Nigerians leaders on the average suffer from what I call the ‘big man syndrome’. This disease is characterized by a compulsively flamboyant lifestyle, crass materialism, primitive acquisitive tendencies, moral laxity and serial unproductiveness. The disease can also be found in all sectors of the Nigerian society- politics, religion, business and academia. The big man is a person who has acquired wealth, fame or influence, most likely through perfidy and flaunts same in the face of society. He is the toast of the unscrupulous and sycophantic praise singers.
The big man syndrome has been with us since independence, manifested in such figures as Festus Okotie-Eboh, whose cloth trailed yards behind him and was carried by a servant. Our consciousness has thus been inundated with this peculiar kind of madness, which has been carried to even more absurd heights by the current crop of leaders.
The big man is above the laws of the land. He can do whatever he likes, however he likes and whenever he likes. Impunity is his middle name and since he moves around with police escort, there’s no one to call him to order. He is no respecter of persons or laws; indeed he is above such mundane things. He is the ultimate swaggerlicious individual.
The Nigerian big man is as unproductive as they come. He neither has factories nor industries but is richer than Midas. His mainstay is the oil wealth of the Delta, which has been appropriated for his personal use. He adds no value to the nation, does not pay taxes, generates little employment but is still respected and adored at every turn.
The Nigerian big man is as mendacious as they come. No matter how highly placed he is, you cannot trust his utterances, for he frequently says one thing and does another. It doesn’t matter whether he’s a politician, clergy or businessman, you believe him at your own peril. He is the king of double-speak and actually thinks you are daft for listening to him at all.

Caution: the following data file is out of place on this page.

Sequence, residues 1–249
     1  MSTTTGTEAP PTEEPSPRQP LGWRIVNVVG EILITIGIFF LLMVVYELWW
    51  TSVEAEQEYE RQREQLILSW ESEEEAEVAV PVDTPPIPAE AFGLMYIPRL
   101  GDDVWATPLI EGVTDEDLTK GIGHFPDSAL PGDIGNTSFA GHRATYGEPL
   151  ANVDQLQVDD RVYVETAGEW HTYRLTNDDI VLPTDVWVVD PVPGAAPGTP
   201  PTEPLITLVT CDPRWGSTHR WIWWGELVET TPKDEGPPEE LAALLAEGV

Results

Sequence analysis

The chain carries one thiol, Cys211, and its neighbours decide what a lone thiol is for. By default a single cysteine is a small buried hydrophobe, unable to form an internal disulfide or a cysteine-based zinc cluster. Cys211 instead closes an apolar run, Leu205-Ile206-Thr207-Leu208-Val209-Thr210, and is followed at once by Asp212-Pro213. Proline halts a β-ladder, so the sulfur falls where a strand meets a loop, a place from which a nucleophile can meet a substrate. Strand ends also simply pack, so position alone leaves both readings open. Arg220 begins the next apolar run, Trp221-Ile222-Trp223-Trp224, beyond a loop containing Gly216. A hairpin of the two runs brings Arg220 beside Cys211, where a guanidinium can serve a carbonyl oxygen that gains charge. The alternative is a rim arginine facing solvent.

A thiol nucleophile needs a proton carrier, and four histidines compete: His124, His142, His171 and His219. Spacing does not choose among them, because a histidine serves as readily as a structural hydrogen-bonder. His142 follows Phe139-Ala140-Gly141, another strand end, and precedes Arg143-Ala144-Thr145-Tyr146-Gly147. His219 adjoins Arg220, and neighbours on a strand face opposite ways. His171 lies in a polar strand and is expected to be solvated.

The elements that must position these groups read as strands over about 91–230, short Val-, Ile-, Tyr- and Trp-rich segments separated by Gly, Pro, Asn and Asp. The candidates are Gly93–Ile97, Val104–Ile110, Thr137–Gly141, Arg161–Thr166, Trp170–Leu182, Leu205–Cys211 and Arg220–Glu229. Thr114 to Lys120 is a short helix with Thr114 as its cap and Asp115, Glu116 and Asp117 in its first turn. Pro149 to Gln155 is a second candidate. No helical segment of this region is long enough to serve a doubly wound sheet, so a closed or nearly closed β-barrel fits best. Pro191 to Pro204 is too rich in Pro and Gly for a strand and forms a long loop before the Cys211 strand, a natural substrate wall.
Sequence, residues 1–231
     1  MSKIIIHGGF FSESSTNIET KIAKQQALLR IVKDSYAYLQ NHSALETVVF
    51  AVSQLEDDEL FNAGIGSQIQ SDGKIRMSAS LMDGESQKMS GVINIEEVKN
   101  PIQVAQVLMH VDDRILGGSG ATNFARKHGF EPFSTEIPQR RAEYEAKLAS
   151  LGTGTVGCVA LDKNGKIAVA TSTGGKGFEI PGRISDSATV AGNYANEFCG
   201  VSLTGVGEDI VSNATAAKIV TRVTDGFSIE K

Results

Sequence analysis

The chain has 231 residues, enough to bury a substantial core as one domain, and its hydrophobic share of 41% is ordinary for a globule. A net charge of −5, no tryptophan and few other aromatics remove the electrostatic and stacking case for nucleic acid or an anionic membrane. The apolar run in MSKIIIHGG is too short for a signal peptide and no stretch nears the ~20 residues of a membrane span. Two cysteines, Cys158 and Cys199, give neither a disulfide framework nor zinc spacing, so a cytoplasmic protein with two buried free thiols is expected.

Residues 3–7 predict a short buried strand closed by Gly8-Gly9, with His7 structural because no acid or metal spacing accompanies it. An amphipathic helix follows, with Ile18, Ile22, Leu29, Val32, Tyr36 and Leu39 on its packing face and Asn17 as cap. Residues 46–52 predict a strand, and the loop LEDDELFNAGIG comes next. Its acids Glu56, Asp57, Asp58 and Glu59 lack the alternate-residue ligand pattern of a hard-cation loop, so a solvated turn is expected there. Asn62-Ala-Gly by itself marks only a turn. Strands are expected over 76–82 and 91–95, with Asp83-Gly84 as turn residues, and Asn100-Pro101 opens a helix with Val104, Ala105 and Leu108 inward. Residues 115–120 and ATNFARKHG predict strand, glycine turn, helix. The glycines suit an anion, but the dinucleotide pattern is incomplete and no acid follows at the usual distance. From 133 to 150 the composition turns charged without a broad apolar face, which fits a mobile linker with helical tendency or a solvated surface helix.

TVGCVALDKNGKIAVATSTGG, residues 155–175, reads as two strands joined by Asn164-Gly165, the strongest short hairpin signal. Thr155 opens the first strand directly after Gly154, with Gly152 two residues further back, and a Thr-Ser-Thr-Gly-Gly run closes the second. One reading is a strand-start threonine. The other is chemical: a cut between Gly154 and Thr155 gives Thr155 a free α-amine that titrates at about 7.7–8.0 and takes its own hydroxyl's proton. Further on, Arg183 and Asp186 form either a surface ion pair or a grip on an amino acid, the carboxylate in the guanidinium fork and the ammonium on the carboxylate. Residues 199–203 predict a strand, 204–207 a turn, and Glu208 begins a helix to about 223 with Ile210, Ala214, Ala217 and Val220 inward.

It is typical of our nature and a manifestation of the disease that executive office holders (president, governors, and chairmen) cannot go anywhere without a retinue of aides, gun toting security and siren blaring convoys, which not only terrorise other road users but invariably cause accidents. Whenever they come visiting, the city is shut down so that the lords of the manor can move around unhindered.
We also build palatial palaces and name them villas and government houses. Such edifices are more to satisfy the ego and create exclusivity than anything else. Nigerians thus have no access to such places, even though they are built from the public treasury. So what goes on there remains a big mystery and everyone is left to his own guess, as well as dreams of reaching there one day.
We have come to revere instead of revile such personalities, because they are seen as decision makers in our warped socio-economic system. It is therefore no wonder that every Nigerian wants to be a big man. This has given rise to all manner of vices like corruption, fraud, embezzlement, kidnapping and even terrorism. No one wants to be on the receiving end in an unjust and unequal system with no social safety nets. The moderate lifestyle has been eroded and our society has gone to the dogs.
Piece written by Oke Okpomo
Okpomoy2k@yahoo.com Follow him on twitter@kpomskerio